When I was growing up in Texas back in the 1950s (yes, some people are that old) I remember a joke book called You Can Always Tell a Texan … But Not Very Much, which alludes to the stereotype of the time (and today, where Rick Perry is concerned): the big-mouthed, long-winded braggart who could tell you why everything about Texas was so wonderful, no matter what the subject. Of course, the idea was that we could joke about being superior because we were. Well, a native Texan filmmaker—Richard Linklater—may be well on the road to proving that about his own abilities of tackling a wide variety of topics and approaches in film (Slacker, Dazed and Confused, the Before Sunrise/Sunset/ Midnight ongoing [?] series, Waking Life, School of Rock, A Scanner Darkly, Bernie to name a few), although he doesn’t brag about his wide-ranging-successes (more with critics than at the box-office, admittedly, but like Woody Allen he’s more interested in getting his work out there to be seen than he is in finding himself helming some mega-blockbuster), he just keeps on making them, with the latest, Boyhood, being the most audacious, challenging one yet. Given how much the cinematic-evaluation-brotherhood is fawning over this film (in truly unheard-of numbers: Rotten Tomatoes 99% positive ratings [what a grouch that one guy must be], Metacritic a perfect 100 score [astounding, in that their group usually comes in a bit or a bunch lower than the Tomato pickers]). I think Boyhood’s marvelous also, although not to the level of best of the year/decade/century that some have claimed—at least not yet; check back with me in a few months/years about how it finally stacks up against whatever the rest of the competition may end up being.
The premise is simple: follow a family through 12 years of their lives, with a particular focus on the young son as he goes through his entire elementary, junior high, and high school years. The complicated part comes from using the same actors over that entire time, shooting just a few scenes on an annual basis, with hopes that no disasters occur along the way and that the kids you’ve selected will grow into the sort of screen presence that continues to function once they’ve gotten beyond the cute or precocious stage. Linklater had a reasonable premonition in that direction when casting his own daughter, Lorelei, as the slightly older sister, Samantha, of the boy, Mason Jr., but he really took a chance that Ellar Coltrane would even be someone you’d want to see as he continued through an adolescence that no one could predict back in 2002 (not that this is a 7 Up!-type documentary; Boyhood is scripted, but even there it evolved organically from year to year as Linklater and his actors found appropriate onward directions in a narrative with no great calamities or revelations, just a divorced Mom trying to help her two kids grow into decent people, at least more decent that the guys that she kept choosing as husbands). Be prepared for a lengthy stay at the theatre (about 2:45:00) and no obvious indications as to when one year has departed for the next, but also be prepared for a unique, engaging, extremely well-acted (even though low-key much of the time) experience that should be a consideration when awards season rolls around by the end of this year.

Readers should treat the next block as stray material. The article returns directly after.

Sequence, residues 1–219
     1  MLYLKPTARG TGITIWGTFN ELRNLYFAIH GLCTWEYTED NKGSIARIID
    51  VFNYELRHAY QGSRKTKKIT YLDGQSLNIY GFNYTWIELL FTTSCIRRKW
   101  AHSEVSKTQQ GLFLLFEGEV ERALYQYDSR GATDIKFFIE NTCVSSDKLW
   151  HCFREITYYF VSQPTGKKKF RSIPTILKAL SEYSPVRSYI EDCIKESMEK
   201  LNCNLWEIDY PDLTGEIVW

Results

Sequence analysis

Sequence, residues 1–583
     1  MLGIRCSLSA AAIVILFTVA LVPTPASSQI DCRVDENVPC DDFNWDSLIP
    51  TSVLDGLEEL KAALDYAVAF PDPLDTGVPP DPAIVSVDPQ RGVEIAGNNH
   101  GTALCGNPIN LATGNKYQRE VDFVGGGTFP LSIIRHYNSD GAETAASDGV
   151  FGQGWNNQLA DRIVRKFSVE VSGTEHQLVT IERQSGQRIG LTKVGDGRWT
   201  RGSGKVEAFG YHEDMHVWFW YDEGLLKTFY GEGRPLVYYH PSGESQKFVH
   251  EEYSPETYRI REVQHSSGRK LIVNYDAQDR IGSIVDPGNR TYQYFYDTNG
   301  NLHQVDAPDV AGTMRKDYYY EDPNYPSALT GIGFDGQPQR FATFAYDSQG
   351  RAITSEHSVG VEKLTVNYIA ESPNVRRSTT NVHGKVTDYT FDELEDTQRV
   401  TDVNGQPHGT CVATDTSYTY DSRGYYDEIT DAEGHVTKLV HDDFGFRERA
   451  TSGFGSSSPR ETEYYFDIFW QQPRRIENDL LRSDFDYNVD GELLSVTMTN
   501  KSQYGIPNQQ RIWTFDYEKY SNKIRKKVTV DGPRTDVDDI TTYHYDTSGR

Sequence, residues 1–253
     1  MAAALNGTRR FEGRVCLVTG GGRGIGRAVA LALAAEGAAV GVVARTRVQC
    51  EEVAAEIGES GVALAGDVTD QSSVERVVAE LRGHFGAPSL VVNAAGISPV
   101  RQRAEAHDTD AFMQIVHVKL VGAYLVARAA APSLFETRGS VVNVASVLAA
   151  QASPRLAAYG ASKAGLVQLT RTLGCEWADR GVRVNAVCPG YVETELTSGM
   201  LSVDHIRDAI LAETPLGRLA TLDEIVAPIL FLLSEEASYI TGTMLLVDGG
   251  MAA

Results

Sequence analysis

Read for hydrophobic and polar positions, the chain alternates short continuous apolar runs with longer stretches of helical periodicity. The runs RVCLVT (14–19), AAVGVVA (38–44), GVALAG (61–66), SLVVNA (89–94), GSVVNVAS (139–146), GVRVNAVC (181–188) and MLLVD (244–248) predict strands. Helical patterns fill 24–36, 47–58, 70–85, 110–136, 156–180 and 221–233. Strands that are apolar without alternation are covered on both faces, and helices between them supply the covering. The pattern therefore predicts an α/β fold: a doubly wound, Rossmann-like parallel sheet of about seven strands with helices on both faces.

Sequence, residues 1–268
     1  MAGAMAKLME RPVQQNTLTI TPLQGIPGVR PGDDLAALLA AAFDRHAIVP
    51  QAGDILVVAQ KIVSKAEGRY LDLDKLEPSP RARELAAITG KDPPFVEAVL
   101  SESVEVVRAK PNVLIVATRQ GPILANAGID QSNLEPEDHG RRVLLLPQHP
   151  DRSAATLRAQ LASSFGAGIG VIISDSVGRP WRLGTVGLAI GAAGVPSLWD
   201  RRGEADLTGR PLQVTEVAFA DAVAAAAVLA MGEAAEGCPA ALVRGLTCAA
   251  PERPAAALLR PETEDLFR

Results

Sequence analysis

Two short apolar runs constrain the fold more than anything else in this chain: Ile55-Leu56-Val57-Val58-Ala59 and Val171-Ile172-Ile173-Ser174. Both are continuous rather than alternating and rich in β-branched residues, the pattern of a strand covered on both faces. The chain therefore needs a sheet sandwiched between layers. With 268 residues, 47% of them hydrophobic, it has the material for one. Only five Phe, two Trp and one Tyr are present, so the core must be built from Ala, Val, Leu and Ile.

I hope that you’ll read my detailed review. Comments are encouraged and may be left here, at the blog review site, or sent directly to me at email@example.com.
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